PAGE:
VAT increase to 23% confirmed


The higher rate of VAT is to be increased from 21 per cent to 23 per cent, the Minister for Finance has confirmed.

The much-publicised VAT rise, which was disclosed last month in a document distributed to the German parliament, is expected to raise €670 million of the total €1 billion that is to be raised by the exchequer next year.

About half of the goods and services in the State will be affected by the 2 per cent increase in the higher rate of VAT, according to the Institute of Taxation, though Minister for Finance Michael Noonan stressed that most food, children’s clothes, and oral medicines will remain at 0 per cent, while home heating oil, residential housing, general repairs and maintenance will stay at 13.5 per cent.

The 23 per cent VAT rate applies to a wide range of goods and services. Among the items that will be subject to the 2 per cent increase are: motor vehicles, petrol, electrical supplies, furniture, adult footwear and clothing, alcoholic and soft drinks, and tobacco. In terms of services, accountancy services, legal services, tax advisory services are all subject to the higher rate of tax.

Mr Noonan said he does not expect any increase in cross-border shopping as a result of the VAT increase. “For the majority of the past 20 years, the VAT differential between the Republic and Northern Ireland has been 3.5 per cent and it was as high as 6.5 per cent as recently as 2009,” he said. “After the increase I am announcing today, the differential will be 3 per cent.”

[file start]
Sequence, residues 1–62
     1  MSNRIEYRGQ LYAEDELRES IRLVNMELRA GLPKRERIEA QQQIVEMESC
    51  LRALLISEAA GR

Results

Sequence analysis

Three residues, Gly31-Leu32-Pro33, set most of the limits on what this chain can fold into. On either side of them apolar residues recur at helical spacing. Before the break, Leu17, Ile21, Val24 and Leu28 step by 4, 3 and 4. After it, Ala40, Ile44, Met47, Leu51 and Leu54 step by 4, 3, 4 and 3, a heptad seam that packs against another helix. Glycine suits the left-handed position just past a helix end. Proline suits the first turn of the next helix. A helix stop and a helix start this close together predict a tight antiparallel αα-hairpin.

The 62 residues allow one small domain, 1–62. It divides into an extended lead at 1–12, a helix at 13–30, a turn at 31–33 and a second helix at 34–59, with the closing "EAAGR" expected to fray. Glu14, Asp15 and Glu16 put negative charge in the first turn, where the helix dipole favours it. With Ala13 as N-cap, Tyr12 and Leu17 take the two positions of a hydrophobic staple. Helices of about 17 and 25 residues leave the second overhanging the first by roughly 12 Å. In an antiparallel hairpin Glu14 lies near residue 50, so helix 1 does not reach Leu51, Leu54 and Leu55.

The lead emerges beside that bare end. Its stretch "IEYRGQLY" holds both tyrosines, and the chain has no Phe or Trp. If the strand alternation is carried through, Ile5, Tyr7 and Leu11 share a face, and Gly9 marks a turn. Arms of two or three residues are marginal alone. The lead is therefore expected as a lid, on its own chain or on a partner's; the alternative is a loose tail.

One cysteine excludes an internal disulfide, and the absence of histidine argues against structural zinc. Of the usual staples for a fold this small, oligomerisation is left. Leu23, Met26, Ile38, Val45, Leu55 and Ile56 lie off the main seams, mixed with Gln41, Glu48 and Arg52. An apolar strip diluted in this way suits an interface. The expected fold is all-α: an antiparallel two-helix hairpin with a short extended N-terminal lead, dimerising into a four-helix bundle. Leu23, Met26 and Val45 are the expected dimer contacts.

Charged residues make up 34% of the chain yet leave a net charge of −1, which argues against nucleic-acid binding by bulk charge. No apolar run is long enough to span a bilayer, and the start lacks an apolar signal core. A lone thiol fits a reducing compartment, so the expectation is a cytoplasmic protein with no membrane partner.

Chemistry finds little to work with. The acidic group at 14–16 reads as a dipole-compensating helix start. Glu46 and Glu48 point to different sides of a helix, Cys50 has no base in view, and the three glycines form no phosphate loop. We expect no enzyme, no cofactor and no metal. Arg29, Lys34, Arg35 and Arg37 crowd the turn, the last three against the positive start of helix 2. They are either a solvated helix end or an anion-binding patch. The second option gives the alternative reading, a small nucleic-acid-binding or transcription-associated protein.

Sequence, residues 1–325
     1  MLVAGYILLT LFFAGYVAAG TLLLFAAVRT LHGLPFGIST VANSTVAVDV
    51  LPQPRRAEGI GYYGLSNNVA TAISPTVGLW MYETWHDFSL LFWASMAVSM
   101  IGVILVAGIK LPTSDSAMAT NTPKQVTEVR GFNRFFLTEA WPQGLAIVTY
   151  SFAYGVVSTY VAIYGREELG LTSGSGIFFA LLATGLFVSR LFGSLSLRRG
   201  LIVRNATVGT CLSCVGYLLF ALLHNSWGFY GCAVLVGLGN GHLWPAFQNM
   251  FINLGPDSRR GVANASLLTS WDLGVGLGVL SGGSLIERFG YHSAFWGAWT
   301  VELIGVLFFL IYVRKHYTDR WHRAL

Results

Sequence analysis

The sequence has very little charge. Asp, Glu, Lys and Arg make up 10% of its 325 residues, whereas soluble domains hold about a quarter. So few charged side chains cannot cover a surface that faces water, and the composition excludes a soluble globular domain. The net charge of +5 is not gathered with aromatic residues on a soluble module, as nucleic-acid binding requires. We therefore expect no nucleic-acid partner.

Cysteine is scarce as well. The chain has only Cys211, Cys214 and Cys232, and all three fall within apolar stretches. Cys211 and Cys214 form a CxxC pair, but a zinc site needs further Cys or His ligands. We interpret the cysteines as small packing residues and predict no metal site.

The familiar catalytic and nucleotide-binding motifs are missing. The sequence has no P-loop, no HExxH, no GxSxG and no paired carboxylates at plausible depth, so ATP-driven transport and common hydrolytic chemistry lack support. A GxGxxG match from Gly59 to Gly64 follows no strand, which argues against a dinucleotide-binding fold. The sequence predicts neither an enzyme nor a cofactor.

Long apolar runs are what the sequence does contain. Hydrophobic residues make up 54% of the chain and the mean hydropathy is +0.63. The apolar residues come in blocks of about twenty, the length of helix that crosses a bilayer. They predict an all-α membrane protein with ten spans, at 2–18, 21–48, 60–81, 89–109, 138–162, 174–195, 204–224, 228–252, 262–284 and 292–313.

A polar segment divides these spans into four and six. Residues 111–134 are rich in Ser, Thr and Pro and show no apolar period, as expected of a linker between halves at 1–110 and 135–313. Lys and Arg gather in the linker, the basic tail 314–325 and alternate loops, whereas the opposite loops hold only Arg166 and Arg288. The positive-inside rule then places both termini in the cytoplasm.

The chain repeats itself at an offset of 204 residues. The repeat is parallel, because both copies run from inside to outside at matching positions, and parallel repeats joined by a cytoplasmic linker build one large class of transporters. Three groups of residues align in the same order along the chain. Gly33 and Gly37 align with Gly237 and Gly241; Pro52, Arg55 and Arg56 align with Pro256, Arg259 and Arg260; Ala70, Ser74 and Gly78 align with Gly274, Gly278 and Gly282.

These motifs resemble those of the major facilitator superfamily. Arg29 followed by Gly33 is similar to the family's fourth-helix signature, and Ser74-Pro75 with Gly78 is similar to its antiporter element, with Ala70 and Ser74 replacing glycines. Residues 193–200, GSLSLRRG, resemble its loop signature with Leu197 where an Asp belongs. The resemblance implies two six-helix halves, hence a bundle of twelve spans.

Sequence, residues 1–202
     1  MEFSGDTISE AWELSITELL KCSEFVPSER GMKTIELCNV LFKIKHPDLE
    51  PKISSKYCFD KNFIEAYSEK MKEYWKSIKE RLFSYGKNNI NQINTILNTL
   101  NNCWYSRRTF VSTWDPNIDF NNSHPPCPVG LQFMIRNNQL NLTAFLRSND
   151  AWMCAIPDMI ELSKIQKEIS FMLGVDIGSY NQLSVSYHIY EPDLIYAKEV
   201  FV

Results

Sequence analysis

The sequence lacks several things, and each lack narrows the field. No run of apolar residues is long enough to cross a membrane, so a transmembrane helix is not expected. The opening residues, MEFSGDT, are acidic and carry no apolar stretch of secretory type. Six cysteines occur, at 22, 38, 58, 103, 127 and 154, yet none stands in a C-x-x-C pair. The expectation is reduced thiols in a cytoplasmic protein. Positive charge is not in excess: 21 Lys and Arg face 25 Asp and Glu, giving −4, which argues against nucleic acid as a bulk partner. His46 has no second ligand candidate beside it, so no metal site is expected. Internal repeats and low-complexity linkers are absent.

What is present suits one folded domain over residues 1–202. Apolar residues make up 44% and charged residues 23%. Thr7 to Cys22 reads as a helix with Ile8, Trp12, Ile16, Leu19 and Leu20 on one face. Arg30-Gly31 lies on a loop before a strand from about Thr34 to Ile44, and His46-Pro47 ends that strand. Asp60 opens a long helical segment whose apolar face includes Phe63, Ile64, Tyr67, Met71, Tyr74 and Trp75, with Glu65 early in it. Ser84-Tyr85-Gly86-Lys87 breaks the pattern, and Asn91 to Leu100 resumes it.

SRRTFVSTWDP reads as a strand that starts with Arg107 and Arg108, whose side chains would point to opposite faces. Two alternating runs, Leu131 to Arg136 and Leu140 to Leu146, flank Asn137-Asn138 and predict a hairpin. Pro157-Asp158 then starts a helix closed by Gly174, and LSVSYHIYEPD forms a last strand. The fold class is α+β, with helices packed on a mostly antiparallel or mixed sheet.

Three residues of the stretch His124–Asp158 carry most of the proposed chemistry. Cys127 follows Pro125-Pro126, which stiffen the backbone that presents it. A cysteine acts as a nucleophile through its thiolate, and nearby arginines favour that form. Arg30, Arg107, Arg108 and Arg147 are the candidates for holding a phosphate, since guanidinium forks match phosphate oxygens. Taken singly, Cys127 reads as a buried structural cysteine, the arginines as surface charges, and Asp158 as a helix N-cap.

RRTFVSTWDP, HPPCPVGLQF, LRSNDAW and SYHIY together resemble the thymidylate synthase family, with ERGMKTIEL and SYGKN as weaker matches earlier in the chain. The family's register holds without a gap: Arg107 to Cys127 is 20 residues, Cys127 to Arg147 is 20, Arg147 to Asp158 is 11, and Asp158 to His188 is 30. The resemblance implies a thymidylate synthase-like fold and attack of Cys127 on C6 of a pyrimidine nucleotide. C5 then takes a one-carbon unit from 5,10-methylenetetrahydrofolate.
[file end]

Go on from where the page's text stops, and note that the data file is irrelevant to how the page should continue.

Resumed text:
He also noted that 20 out of the 27 EU countries had increased VAT in the last four years and further increases are being considered by several Member States.

The Minister disputed recent claims that the VAT increase will cost households €500 per annum on average, as they have not taken account of the fact that businesses contribute significantly to the estimated VAT yield.

According to Anthony Smyth, head of tax at Walkers law firm, the increase in VAT on services may also have an indirect impact on households. “Banks, for example, will see an increase in the costs of some of the third-party services they receive because of the VAT changes. This cost may be passed on to customers.”

He also questioned whether the Government will succeed in raising €670 million from the VAT change. “The increase in VAT will limit the purchasing power of people. The question is, if there is going to be a shortfall, how will that shortfall be made up.”

The decision to increase the higher rate of VAT had been signalled by the last Government, who had agreed with the IMF and the European authorities to increase VAT by 1 per cent in 2013 and 1 per cent in 2014. Today’s Budget has frontloaded those measures, though the Minister for Finance reiterated his Government’s commitment not to increase the VAT rate past 23 per cent during the lifetime of the Government.